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Peyton Manning Makes the Right Choice

His rival is Tom Brady, not his brother.

by James Leroy Wilson
March 20, 2012

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Peyton Manning Makes the Right Choice

This past Sunday, I was thinking about how I was going to use my Partial Observer column to argue that Peyton Manning should sign with Denver. (I am not a fan of the Broncos.)

I wrote:

Tim Tebow was a fun, even amazing story. But I think the Broncos should trade him to Jacksonville, or push him in front of a bus if necessary, to get Peyton Manning. None of the other contenders in the Manning sweepstakes make sense for Manning. Tebow may have late-game miracle magic, but Manning can produce every quarter, which translates to more wins.

To a commenter suggesting San Francisco, I replied:

Actually, I'm considering what factors are in Peyton's mind. I think there's a family factor here. I don't think Peyton wants to compete against Eli in the same conference. If they compete in the Super Bowl, that's one thing, but I don't think either one wants to deny the other the opportunity to go to the Super Bowl. And, if Peyton signs with the Titans, that would make it seem that he's vindictive toward the Colts, who are in the same division. The combination of best P.R., best team, and personal family interests has Peyton going to the Broncos.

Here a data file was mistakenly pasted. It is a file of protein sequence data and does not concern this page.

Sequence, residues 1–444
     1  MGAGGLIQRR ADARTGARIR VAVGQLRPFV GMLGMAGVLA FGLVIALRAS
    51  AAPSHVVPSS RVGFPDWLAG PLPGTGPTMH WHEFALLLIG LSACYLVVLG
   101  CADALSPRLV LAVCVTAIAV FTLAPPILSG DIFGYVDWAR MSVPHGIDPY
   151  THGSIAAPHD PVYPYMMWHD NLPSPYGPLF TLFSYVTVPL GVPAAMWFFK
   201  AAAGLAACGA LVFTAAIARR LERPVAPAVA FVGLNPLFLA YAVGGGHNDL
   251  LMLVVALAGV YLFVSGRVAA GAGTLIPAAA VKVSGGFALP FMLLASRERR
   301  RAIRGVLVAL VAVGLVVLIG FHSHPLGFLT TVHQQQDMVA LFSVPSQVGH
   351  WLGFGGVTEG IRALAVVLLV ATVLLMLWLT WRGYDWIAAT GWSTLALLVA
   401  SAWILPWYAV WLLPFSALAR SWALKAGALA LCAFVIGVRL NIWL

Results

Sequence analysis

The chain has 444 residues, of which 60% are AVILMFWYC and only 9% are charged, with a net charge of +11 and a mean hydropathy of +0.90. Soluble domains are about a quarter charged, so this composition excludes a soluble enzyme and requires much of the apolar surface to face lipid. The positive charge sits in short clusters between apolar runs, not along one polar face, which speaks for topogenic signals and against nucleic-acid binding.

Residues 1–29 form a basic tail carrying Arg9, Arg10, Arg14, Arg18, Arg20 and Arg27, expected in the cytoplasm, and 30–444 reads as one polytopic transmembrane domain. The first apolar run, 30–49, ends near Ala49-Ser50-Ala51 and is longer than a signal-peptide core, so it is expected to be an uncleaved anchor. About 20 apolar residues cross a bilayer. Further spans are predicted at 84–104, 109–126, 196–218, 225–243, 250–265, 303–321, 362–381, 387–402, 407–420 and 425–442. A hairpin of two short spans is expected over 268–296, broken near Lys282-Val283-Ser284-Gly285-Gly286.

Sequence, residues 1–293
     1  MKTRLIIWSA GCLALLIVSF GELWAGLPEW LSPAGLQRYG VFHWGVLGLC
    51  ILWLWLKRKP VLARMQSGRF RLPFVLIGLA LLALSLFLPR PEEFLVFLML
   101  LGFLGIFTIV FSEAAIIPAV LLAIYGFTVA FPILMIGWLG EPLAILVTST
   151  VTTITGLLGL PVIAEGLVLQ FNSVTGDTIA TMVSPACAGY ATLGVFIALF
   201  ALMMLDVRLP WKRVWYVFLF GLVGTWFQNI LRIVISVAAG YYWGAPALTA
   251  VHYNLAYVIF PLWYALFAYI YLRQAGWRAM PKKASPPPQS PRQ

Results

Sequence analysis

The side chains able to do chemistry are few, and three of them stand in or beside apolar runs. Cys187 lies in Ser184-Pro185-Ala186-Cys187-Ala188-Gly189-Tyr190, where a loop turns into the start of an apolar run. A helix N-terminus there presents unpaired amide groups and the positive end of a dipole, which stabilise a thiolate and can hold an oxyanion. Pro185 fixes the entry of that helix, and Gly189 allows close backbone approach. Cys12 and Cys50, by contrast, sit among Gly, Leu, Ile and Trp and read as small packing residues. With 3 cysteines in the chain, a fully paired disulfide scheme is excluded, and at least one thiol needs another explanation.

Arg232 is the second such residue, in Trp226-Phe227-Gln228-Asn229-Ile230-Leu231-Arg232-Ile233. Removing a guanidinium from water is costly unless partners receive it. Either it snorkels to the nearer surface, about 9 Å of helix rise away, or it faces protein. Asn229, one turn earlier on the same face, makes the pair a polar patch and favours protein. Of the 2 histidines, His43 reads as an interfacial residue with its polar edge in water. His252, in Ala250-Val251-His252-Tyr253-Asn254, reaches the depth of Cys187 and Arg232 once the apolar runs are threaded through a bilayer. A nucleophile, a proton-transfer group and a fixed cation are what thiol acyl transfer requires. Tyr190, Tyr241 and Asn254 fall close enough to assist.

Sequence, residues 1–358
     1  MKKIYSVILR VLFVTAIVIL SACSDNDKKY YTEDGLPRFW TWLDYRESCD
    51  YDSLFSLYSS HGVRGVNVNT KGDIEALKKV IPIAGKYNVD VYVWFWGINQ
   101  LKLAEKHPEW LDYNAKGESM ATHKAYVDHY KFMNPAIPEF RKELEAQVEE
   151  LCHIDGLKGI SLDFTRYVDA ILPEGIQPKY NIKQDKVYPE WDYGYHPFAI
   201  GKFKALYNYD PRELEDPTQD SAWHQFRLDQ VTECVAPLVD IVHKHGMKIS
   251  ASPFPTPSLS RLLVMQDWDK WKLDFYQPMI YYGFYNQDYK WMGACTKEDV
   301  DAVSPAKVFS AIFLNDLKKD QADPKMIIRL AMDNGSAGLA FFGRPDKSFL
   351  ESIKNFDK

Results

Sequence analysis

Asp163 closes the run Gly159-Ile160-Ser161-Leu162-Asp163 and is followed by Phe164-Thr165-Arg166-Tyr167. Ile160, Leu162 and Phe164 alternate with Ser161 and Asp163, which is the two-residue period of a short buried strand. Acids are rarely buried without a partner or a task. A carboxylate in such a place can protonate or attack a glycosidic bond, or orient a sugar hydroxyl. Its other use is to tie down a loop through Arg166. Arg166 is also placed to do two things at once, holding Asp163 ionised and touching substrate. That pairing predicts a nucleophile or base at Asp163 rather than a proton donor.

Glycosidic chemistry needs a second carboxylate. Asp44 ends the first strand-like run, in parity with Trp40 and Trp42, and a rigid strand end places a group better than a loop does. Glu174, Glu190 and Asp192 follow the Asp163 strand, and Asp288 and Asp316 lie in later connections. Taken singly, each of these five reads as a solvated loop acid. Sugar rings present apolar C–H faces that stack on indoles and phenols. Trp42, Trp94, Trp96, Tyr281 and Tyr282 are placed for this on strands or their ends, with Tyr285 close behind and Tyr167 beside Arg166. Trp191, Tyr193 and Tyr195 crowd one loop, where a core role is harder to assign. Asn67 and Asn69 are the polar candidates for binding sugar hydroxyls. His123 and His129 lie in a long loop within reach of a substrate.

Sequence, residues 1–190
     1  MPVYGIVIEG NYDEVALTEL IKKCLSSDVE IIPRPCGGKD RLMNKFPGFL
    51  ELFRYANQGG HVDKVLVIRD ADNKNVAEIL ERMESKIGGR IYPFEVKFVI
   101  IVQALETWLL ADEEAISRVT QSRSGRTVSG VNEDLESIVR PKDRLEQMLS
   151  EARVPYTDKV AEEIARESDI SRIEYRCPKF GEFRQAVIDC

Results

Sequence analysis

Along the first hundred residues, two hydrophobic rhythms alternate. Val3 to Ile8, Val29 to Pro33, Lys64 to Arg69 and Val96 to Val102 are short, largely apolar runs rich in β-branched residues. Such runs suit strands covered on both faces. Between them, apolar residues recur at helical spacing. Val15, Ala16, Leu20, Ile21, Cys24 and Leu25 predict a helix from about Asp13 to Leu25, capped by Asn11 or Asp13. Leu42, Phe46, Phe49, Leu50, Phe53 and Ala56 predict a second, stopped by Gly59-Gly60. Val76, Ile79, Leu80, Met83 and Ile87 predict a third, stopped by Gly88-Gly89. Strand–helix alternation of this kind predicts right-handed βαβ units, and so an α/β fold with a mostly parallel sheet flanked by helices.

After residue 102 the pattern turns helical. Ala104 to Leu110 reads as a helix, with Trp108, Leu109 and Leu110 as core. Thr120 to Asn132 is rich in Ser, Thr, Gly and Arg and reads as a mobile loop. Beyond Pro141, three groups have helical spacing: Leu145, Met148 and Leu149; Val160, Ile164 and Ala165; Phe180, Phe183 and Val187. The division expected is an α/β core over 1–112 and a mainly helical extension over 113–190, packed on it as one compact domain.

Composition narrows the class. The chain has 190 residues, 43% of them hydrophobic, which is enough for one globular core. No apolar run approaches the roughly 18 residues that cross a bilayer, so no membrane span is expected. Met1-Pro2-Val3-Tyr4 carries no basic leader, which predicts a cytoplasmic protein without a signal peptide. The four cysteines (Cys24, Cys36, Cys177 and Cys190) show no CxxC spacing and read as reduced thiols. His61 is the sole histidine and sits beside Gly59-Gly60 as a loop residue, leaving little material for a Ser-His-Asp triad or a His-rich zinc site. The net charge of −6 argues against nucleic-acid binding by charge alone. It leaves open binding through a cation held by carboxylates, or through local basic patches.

As early as last November, while Tebow was pulling out late-game heroics, I suggested that if the Colts get the #1 pick in the draft and choose Andrew Luck, all the Tebowmaniacs in Denver would gladly push Tebow under the bus to sign Manning. After Manning's release by the Colts and news that the Broncos were in pursuit, I began to see why Denver would be a good fit.

As my Facebook reply suggests, I don't think Manning wanted to compete with his brother for opportunities to go to the Super Bowl. Some in the media scoff at this interpretation. But one piece of evidence is the 2004 draft. San Diego had the #1 pick and chose Eli Manning. But he refused to play for them, and the Chargers traded him to the Giants for their #1 pick, Philip Rivers.

It seemed like an odd thing to do. Passing up an opportunity to play for then-coach Marty Schottenheimer for the Chargers, in order to play for Tom Coughlin with the Giants, didn't seem like an upgrade. Either team seemed to have an equal opportunity for early playing time, as the Chargers seemed intent to give up on Drew Brees (hard to believe in retrospect) and the Giants had who was then believed to be a washed-up, broken-down Kurt Warner.

Their father, ex-NFL quarterback Archie, seems to have played a role in forcing the trade. I don't blame him, and would have done the same thing in his position. In order to maximize the chance that either or both sons would make and win Super Bowls, they should be in different conferences where they'd play only once every four years in the regular season. Had they remained in the same conference, there was a greater likelihood of knocking each other out of the playoffs more often, decreasing the overall opportunities for making the Super Bowl.